Delmas O, Holmes EC, Talbi C, Larrous F, Dacheux L, Bouchier C, Bourhy H - PLoS ONE (2008)

Schematic representation of lyssavirus genome organization and sequence similarity among 24 aligned genomes.A. The 3′ leader, N-, P-, M-, G- and L-coding regions and the 5′ trailer region are shown. B. Sequence similarity is calculated by moving a window of 60 nucleotides along the aligned sequences. C. Sequence similarity is calculated by moving a window of 20 amino acids along the aligned sequences. Within each window, the similarity of any one position is taken to be the average of all the possible pairwise scores at that position and is calculated using PLOTCON (available at http://bioweb.pasteur.fr/seqanal/interfaces/plotcon.html).
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Related In: Results  -  Collection

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getmorefigures.php?uid=PMC2327259&req=5

pone-0002057-g001: Schematic representation of lyssavirus genome organization and sequence similarity among 24 aligned genomes.A. The 3′ leader, N-, P-, M-, G- and L-coding regions and the 5′ trailer region are shown. B. Sequence similarity is calculated by moving a window of 60 nucleotides along the aligned sequences. C. Sequence similarity is calculated by moving a window of 20 amino acids along the aligned sequences. Within each window, the similarity of any one position is taken to be the average of all the possible pairwise scores at that position and is calculated using PLOTCON (available at http://bioweb.pasteur.fr/seqanal/interfaces/plotcon.html).
Mentions: All genomes have the same structural organization although their lengths varied between 11918 nt. (GT7) and 12016 nt. (GT2) (Table 2). The predicted size of the coding regions is similar among genotypes, with the M protein identical in length across all genotypes and the P protein the most variable [14], [21], 22. As observed in other RNA viruses, all genotypes show a bias toward G+C richness [23], with the lowest G+C content observed in GT2 and the highest in GT1 (Table 2). All genomes have a polycistronic genome organization surrounded by untranslated regions (Table S2) similar to that already described [10], [14]. The extent of genetic diversity, reflected in percentage identity, varies within and among proteins (Figure 1), in the order N>L>M>G>P (95.2, 94.2, 92.3, 85.8, 81.5% amino acid identity, respectively). A similar pattern was previously observed using more limited data sets [14]. This same order was also observed in terms of overall selection pressure, measured as the mean ratio of nonsynonymous (dN) to synonymous substitutions (dS) per site (dN/dS), estimated using the maximum likelihood SLAC (Single Likelihood Ancestor Counting; http://www.datamonkey.org/) method [24]: N = 0.048; L = 0.055; M = 0.078; G = 0.119; P = 0.187. This approximately four-fold difference in mean dN/dS reflects major differences in selective constraint among proteins. This trend was also reflected in previous analyses of full length genomes of vaccine strains [22] and through partial gene comparisons [25], [26].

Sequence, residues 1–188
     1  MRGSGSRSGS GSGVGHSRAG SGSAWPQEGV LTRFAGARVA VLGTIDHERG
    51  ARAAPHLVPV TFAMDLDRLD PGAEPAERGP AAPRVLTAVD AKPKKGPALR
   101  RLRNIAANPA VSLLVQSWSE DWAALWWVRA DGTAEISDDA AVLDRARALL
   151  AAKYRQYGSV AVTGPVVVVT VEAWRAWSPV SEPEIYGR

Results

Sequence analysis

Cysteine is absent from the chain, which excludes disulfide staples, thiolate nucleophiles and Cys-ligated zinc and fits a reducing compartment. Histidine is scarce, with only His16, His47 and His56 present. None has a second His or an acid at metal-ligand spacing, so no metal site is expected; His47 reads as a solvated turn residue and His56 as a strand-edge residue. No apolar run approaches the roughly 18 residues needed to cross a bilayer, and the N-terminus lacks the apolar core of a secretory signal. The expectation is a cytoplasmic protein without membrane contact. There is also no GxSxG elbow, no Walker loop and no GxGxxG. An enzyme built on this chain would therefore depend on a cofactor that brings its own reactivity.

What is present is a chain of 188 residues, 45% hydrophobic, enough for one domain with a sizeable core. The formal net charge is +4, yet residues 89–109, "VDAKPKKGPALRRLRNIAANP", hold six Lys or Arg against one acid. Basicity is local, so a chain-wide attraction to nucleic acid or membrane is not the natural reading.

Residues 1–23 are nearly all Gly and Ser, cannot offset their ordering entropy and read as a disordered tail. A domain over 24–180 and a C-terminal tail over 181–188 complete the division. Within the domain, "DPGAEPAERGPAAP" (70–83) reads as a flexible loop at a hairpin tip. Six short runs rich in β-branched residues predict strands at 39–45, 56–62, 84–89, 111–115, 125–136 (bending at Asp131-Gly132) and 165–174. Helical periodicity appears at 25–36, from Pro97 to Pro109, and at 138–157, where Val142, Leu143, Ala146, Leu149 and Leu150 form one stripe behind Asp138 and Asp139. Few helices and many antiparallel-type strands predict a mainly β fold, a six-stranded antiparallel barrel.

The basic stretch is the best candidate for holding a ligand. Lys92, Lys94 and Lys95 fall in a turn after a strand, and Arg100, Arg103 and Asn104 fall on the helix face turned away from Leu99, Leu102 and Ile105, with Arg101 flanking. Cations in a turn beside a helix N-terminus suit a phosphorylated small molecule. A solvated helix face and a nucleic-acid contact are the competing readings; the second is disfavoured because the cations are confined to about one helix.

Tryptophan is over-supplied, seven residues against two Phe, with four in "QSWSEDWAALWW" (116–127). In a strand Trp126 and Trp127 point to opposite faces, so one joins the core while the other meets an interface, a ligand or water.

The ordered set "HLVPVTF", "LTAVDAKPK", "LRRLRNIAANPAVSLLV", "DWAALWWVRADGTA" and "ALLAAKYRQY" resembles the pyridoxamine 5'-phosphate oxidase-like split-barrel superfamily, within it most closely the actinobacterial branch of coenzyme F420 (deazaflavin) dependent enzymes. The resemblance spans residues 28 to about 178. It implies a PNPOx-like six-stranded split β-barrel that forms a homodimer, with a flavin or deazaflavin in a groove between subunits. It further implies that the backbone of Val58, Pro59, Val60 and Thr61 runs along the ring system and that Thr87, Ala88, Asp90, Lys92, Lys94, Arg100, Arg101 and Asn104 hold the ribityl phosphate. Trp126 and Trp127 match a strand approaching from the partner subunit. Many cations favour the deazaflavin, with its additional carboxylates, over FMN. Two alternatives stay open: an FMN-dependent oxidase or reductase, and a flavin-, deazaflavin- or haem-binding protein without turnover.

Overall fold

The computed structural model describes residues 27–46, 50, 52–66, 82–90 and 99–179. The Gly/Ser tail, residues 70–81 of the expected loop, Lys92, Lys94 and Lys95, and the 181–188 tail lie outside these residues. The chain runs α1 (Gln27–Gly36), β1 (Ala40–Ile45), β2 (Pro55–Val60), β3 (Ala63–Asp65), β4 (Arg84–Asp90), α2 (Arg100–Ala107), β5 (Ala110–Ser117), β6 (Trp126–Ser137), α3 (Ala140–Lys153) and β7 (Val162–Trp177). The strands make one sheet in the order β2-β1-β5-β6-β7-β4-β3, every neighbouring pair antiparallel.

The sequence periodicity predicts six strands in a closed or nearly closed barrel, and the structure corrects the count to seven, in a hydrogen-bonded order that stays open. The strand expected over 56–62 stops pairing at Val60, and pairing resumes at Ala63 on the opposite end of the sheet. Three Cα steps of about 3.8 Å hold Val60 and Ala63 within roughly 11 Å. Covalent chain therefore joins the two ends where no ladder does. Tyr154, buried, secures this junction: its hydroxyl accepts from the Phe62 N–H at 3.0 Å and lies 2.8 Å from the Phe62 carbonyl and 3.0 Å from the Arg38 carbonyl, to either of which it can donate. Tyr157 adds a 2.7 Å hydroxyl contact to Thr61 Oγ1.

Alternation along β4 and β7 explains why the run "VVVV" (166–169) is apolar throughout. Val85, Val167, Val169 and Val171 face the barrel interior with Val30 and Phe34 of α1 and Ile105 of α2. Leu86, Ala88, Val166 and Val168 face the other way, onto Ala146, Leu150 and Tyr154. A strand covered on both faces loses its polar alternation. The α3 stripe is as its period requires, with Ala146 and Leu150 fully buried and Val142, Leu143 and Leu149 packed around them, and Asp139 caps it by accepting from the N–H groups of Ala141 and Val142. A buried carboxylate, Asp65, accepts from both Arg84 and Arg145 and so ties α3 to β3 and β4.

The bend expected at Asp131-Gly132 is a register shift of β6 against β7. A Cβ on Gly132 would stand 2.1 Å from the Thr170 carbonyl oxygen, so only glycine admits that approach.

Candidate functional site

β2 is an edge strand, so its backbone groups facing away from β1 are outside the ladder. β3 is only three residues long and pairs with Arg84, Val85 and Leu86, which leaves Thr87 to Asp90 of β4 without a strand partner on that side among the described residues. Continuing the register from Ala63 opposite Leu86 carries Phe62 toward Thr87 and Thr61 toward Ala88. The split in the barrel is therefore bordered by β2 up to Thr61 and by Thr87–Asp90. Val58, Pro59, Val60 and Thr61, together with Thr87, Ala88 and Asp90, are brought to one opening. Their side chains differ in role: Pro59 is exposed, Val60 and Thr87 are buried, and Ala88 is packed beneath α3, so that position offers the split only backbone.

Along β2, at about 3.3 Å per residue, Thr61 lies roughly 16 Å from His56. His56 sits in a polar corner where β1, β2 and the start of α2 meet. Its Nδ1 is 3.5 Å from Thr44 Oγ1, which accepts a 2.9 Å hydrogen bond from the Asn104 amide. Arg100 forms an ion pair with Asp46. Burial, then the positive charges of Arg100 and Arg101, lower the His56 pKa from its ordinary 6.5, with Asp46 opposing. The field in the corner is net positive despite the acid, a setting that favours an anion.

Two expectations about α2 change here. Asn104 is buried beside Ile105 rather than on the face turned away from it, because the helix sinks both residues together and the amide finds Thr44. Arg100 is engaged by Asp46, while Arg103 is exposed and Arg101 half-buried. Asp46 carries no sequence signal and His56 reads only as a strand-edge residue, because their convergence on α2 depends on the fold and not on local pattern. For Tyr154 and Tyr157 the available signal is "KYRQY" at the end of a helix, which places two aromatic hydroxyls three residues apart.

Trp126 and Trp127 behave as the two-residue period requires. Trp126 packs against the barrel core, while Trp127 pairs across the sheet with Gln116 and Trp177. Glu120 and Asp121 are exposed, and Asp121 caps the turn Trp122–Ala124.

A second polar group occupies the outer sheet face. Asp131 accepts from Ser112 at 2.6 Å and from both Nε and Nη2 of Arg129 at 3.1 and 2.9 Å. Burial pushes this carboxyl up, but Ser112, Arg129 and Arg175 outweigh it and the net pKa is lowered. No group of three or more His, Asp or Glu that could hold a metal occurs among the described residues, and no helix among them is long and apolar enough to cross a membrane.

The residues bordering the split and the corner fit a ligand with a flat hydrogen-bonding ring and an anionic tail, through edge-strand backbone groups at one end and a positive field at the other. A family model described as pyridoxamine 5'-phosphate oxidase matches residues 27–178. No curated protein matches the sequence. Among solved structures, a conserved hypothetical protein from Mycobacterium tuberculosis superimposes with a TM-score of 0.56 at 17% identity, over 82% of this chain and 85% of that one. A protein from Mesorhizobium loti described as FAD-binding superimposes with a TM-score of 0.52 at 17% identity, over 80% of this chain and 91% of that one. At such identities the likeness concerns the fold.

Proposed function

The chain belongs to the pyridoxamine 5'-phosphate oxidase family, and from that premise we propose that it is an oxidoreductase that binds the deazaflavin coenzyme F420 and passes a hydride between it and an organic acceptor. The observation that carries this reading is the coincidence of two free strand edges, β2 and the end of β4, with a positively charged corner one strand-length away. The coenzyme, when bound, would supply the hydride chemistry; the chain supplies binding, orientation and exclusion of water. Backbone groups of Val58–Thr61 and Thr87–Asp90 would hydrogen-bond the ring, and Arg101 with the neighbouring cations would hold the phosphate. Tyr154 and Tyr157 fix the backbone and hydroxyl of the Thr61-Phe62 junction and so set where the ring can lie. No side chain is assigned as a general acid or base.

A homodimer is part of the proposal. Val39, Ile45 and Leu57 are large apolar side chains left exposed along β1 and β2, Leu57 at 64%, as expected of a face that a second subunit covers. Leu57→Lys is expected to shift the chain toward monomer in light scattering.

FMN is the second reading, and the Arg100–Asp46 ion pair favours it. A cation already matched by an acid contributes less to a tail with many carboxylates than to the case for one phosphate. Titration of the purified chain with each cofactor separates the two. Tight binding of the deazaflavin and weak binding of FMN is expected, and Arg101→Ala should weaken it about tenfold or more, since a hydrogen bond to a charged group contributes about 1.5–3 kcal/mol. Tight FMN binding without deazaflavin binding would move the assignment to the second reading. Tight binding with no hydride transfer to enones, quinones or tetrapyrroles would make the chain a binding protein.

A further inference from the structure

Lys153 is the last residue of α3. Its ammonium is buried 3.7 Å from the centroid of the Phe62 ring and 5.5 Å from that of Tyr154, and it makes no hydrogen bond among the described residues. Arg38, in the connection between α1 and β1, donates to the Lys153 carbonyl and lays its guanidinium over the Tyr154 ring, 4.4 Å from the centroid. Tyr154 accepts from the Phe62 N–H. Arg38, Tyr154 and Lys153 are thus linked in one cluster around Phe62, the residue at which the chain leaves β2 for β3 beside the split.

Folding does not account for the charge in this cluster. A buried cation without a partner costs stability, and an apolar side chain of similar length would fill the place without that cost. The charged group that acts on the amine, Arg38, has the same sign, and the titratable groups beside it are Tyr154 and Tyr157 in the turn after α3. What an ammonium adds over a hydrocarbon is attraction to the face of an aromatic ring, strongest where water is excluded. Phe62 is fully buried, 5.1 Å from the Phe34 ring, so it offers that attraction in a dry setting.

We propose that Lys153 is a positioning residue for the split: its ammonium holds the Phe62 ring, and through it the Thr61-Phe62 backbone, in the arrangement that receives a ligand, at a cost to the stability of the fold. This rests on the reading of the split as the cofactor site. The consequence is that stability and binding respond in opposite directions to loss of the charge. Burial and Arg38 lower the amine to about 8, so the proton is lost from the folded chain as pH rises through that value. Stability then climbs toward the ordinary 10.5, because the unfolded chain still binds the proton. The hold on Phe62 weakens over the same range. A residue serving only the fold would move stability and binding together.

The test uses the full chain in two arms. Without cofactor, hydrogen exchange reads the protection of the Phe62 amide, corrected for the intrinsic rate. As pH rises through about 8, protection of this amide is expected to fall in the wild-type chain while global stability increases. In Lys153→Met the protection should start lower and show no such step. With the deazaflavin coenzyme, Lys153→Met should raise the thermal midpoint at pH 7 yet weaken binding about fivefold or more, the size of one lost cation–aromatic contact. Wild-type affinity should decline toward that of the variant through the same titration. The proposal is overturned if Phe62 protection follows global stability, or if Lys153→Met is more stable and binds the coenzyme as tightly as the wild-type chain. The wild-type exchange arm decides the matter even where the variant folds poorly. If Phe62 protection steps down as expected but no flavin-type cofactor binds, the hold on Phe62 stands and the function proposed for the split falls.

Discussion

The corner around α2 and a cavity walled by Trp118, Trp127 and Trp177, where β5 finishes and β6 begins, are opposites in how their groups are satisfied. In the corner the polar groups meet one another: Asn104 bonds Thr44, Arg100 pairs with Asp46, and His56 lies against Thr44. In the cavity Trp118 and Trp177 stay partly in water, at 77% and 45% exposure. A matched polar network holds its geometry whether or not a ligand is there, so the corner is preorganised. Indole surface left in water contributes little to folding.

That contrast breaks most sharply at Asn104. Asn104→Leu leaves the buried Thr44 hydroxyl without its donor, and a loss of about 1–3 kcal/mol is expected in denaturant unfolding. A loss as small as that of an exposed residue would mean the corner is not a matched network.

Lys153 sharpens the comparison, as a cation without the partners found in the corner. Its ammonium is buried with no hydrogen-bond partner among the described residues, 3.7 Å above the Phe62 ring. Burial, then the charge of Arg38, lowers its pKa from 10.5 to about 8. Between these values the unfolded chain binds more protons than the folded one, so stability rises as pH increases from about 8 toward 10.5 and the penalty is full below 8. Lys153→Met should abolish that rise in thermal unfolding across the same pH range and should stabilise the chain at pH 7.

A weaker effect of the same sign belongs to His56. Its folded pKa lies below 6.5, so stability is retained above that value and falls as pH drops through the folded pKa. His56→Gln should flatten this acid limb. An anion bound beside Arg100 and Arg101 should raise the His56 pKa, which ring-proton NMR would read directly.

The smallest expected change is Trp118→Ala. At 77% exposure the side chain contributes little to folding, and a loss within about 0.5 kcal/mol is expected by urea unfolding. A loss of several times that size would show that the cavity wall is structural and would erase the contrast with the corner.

Bottom Line: To date, genomic and evolutionary studies have most often utilized partial genome sequences, particularly of the nucleoprotein and glycoprotein genes, with little consideration of genome-scale evolution.In doing so we significantly increase the extent of genome sequence data available for these important viruses.A phylogenetic analysis reveals strong geographical structuring, with the greatest genetic diversity in Africa, and an independent origin for the two known genotypes that infect European bats.

View Article: PubMed Central - PubMed

Affiliation: Institut Pasteur, UPRE Lyssavirus Dynamics and Host Adaptation, World Health Organization Collaborating Centre for Reference and Research on Rabies, Paris, France.

ABSTRACT
Lyssaviruses are RNA viruses with single-strand, negative-sense genomes responsible for rabies-like diseases in mammals. To date, genomic and evolutionary studies have most often utilized partial genome sequences, particularly of the nucleoprotein and glycoprotein genes, with little consideration of genome-scale evolution. Herein, we report the first genomic and evolutionary analysis using complete genome sequences of all recognised lyssavirus genotypes, including 14 new complete genomes of field isolates from 6 genotypes and one genotype that is completely sequenced for the first time. In doing so we significantly increase the extent of genome sequence data available for these important viruses. Our analysis of these genome sequence data reveals that all lyssaviruses have the same genomic organization. A phylogenetic analysis reveals strong geographical structuring, with the greatest genetic diversity in Africa, and an independent origin for the two known genotypes that infect European bats. We also suggest that multiple genotypes may exist within the diversity of viruses currently classified as 'Lagos Bat'. In sum, we show that rigorous phylogenetic techniques based on full length genome sequence provide the best discriminatory power for genotype classification within the lyssaviruses.

Show MeSH
Related in: MedlinePlus